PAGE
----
Electric Cars: Climate Savers or Wallet Drainers?

Author: Daan Schrage
January 22, 2021

If you follow the stock market even a little bit, you will have probably heard of Tesla’s meteoric rise. The American car manufacturer’s stock had a gain of 700% over the course of 2020. Meanwhile in Europe, Norway became the world’s first country where electric vehicles reached a larger market share than traditional, gas-powered cars. With a share of 54%, that shot up to almost two-thirds in December of last year, the Nordic country is on track to hit its goal of ending the sale of gas-based cars by 2025. It is clear that no matter where you look, electric cars are all the rage these days. An exciting development, as the world continues to wrestle with the issue of climate change. But are these electric cars actually better for the environment? Or are there hidden costs involved that go ignored?

Opponents of electric cars will be quick to point out that the production of an electric vehicle produces more greenhouse gas emissions than the production of a traditional car. The average non-electric car produces emissions worth about 5.6 tons of CO2 during production, whereas an electric car produces around 8.8 tons, half of which is the battery itself. However, over a car’s lifetime, electric or not, most carbon emissions come from vehicle operation, and this is where electric cars shine. As electric cars need to be charged from the grid, how environmentally friendly it is depends on the electricity grid mix of the country it is being used in. An electric car being driven in Poland would have to drive many more kilometers in order to break even with a traditional car, than one being driven in Sweden. Because of this, whether or not an electric car is more environmentally friendly than a gas-powered one depends a lot on the researcher’s assumptions when it comes to countries like Germany or Poland. However, if we are talking about countries like France, Sweden, and Norway, the climate benefits are a lot more clear, as these countries already have a largely sustainable energy grid. On top of that, energy grids across the world are predicted to become greener over the course of the next decade, to keep up with the demands set by the Paris climate accord. If that is taken into account, electric vehicles come out on top, as the reduced emissions during the life of the car will more than make up for the excess emissions of greenhouse gasses during production.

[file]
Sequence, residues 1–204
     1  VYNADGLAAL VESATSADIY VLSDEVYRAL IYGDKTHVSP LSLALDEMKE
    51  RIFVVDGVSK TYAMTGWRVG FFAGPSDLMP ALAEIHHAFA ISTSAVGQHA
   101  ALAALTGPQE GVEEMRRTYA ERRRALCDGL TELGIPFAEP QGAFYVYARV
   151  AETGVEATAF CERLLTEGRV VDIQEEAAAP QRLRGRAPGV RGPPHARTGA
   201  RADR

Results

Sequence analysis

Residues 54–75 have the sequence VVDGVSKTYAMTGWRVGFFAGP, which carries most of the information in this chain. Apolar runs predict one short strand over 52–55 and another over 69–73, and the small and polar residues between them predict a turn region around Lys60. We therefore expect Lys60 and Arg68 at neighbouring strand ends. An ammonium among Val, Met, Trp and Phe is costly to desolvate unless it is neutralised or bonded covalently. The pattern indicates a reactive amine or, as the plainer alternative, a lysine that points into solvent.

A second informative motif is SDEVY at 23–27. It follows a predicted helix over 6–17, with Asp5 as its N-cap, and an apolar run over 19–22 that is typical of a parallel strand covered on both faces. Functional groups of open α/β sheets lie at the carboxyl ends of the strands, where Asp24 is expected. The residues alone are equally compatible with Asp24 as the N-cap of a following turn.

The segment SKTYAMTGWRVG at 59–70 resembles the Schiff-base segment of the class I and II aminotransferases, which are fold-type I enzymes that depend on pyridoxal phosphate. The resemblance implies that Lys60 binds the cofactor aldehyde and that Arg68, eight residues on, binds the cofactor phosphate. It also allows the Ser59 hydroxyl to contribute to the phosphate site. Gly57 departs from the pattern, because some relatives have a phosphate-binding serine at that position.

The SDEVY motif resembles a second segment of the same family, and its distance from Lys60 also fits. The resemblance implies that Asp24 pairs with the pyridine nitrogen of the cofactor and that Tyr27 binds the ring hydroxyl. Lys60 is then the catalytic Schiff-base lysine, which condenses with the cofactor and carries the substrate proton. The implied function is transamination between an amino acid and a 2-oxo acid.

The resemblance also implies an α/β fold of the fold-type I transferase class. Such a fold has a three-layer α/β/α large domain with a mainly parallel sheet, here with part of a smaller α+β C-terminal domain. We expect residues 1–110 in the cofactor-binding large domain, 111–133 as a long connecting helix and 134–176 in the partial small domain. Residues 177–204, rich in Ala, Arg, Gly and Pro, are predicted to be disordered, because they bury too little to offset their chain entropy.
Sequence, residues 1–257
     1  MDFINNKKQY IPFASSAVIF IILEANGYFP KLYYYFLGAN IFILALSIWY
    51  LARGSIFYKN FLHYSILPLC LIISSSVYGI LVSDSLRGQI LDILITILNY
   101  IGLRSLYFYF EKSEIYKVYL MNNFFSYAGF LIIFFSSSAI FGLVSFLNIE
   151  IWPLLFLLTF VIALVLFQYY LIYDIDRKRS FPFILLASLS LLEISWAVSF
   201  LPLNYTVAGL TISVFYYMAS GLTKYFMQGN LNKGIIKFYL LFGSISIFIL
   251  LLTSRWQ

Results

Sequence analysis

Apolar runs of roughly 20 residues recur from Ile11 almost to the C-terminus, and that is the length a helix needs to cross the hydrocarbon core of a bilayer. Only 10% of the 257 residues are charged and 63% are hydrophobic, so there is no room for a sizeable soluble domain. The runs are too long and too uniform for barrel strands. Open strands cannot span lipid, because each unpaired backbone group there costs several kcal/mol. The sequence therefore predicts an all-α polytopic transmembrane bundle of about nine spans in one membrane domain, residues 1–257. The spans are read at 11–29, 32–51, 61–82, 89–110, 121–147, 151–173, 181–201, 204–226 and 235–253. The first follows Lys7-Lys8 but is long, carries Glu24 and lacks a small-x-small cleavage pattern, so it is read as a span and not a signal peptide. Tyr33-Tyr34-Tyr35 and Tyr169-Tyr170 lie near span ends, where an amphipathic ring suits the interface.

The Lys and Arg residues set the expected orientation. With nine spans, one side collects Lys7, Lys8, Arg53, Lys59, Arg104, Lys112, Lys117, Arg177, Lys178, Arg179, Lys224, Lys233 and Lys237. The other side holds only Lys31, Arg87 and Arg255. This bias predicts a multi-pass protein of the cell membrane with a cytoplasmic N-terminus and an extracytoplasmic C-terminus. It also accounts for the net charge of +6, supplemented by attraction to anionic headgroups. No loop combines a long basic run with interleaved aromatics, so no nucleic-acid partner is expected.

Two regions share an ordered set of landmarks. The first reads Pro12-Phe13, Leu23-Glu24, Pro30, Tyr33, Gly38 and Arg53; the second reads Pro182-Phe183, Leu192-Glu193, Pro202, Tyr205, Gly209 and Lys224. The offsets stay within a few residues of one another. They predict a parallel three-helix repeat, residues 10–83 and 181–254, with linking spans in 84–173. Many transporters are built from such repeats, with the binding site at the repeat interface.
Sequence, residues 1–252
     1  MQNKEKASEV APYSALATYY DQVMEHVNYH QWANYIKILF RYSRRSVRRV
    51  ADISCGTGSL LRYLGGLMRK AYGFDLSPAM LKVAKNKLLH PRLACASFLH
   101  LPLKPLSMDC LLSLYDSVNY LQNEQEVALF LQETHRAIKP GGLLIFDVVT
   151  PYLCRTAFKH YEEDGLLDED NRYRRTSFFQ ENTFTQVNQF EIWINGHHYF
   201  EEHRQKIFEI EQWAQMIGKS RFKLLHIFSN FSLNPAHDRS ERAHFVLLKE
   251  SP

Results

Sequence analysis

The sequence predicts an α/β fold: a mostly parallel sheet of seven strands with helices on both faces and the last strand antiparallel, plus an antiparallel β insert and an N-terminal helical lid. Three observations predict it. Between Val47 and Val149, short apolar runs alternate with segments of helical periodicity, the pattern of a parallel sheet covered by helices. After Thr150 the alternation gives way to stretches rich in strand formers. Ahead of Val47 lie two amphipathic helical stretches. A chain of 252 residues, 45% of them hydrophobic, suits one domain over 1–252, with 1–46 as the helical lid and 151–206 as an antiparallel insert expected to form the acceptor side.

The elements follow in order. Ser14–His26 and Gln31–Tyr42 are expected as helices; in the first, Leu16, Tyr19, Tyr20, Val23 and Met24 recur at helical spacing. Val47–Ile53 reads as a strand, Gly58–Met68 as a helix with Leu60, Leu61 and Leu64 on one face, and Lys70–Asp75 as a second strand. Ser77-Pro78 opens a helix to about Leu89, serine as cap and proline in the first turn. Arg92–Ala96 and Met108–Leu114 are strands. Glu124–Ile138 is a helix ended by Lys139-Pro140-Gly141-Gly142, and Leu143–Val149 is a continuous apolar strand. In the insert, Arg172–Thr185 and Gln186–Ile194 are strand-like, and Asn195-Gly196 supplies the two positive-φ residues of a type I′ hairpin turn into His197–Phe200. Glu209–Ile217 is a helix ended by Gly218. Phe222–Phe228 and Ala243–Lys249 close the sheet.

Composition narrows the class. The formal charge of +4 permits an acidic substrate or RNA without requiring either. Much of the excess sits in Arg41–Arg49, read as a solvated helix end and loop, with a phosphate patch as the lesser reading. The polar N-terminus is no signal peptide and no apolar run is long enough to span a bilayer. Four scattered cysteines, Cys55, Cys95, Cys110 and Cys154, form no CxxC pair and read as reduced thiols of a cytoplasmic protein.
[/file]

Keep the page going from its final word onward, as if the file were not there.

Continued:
What about consumers, though? Electric cars are often expensive, after all. And it is not like the parts needed for maintenance are any cheaper either. However, as it turns out, electric cars need repairs much less frequently, meaning owners will save around 50% on repairs on average. This fact, combined with the significantly cheaper charging, means that the average monthly cost on an electric car is often much lower than that of traditionally used cars, over the lifetime of the car. This is especially true when buying a more budget-friendly option, such as the Nissan Leaf. And this is before taking into account any kind of government tax credit you might receive when purchasing an electric vehicle. If you are still hesitant to buy one, you might not be for much longer. There is growing evidence that electric cars will become more affordable in the future, as battery costs continue to fall. The average market price for a battery pack is expected to be around $101 per kilowatt-hour in 2023, with $100 per kWh being the price for which electric cars are expected to match gas-powered cars in price. Furthermore, predictions say that the price per kWh may even fall to $58 in 2030. In the future, electric cars might even be cheaper than the alternative.  

All being said, it seems that there are clear benefits to owning and driving an electric car. While it is true that these benefits are right now in large parts dependent on where you live, and how much you drive, it looks like that will all change. In the near future, both prices and carbon emissions for electric vehicles will fall, ensuring that they will be the better choice, both for the planet and for the consumer.

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